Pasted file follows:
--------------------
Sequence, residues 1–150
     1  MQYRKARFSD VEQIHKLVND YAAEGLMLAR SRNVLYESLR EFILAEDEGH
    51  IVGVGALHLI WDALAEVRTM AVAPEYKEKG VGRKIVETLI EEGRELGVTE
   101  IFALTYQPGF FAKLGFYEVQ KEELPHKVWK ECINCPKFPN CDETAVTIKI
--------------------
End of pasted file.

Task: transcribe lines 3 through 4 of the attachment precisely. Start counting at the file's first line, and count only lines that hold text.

    51  IVGVGALHLI WDALAEVRTM AVAPEYKEKG VGRKIVETLI EEGRELGVTE
   101  IFALTYQPGF FAKLGFYEVQ KEELPHKVWK ECINCPKFPN CDETAVTIKI